The American BBQ Showdown is more “Great British Bakeoff” than “Chopped” or “Top Chef,” with 8 amateur or competition barbecue pitmaster competing against each other in different meat competitions. Filmed outside of Atlanta in pre-pandemic times, it provided a welcome distraction for barbecue fans this past fall.
Hollywood mega writer/director/producer/actor Jon Favreau and LA Food Truck godfather Roy Choi spend two episodes with Aaron Franklin at Franklin Barbecue, first learning about his approach to brisket (S1E7) before participating in Franklin’s inaugural Hot Luck Festival in 2017 (S1E8). Check out our AV Club recap here and here)
This barbecue and live-fire cooking edition of the Chef’s Table series profiles 4 pitmasters or live-fire cooking chefs, with the Tootsie Tomanetz of Snow’s Barbecue and Rodney Scott episodes being the highlight for American barbecue fans.
In this first episode of the miniseries on food, food author Michael Pollan goes in search of primordial cooking and finds it in eastern North Carolina and Ed Mitchell. The episode follows Ed and his son Ryan as they pick out a pig from the butcher shop, get the coals started, and then proceed to smoke a whole hog for a small gathering at the end of the episode. Michael and a couple of buddies even try to emulate it on their own in a small, backyard pit in California. Ed also tells a story of how he learned to cook pigs from his grandfather, a former slave. The barbecue section starts at approximately 26:00.
This episode of Queer Eye helped make the Jones Bar-B-Q sisters – Little and Shorty – international barbecue celebrities when it aired earlier in 2019, but they have been doing barbecue in Kansas City for decades. Their sauce with the redesigned label courtesy of the Queer Eye crew is now a huge seller, with the website prominently displaying a banner reading “Please allow a 7-10 day delay in shipping as we have been overwhelmed at the response and will send your order as soon as we can.” From the looks of the episode, it appears that the newly found fame is well-deserved.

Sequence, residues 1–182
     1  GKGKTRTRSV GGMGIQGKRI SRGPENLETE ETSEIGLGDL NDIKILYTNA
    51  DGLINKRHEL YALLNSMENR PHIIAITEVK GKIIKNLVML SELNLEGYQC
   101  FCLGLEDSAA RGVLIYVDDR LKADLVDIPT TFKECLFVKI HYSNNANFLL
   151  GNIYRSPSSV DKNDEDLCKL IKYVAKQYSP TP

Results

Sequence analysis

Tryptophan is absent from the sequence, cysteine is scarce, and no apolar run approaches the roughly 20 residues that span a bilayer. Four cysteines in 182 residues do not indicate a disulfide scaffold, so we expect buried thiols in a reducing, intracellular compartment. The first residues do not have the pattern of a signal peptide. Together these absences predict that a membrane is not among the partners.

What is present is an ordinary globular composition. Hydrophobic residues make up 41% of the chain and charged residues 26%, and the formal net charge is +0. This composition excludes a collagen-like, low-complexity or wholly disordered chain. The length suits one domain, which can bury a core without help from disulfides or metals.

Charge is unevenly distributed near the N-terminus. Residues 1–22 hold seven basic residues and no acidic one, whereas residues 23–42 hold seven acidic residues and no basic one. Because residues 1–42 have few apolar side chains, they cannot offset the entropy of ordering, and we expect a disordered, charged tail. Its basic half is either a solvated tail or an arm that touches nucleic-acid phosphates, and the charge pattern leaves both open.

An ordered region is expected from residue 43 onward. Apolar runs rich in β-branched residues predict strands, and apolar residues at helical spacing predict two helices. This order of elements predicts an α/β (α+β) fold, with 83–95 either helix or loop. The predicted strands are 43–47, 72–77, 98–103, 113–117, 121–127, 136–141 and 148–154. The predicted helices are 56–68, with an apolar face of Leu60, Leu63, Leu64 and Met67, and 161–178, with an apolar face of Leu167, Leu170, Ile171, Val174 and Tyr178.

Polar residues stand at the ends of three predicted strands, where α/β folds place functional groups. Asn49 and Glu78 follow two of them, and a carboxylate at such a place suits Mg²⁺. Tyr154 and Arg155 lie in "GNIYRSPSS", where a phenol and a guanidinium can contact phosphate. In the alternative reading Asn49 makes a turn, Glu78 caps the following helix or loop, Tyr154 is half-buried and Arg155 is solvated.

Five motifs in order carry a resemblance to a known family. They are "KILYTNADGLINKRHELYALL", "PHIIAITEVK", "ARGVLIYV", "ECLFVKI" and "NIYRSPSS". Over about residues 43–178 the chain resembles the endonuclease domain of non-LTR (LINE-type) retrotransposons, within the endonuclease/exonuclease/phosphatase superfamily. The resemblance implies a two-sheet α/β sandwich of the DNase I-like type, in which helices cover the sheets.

In the Philippines lechon, or whole roasted pig, is the preferred form of barbecue in this nation of over 7,000 islands. In this food custom, a smaller suckling pig is tied around a pole and rotated over a live fire for hours. This episode covers lechon in addition to a few other food customs from the city of Cebu in southern Philippines.
The Taco Chronicles is a Spanish-language food series where each episode focuses on a different type of taco. The “Barbacoa” episode focuses on the lamb/goat form of barbecue primarily located in Mexico and the southern border of Texas, which I’ve never tasted myself but is described on the episode as being “softer than the tortilla it is served on.”
Across two four-episode seasons of the travel show co-produced by the Texas Beef Council, host and native Texan Kelsey Pribilski criss-crosses Texas to meet with some of the best pitmasters in the state. She’s in search of the state’s best barbecue as well as secret barbecue menu items. The first season gets the large cities (Austin, Houston, San Antonio, Dallas-Fort Worth) out of the way, while season two is able to tackle more remote locales. Texas Monthly Barbecue Editor Daniel Vaughn even makes an appearance as Kelsey’s guide for the Big Bend episode (S2E1).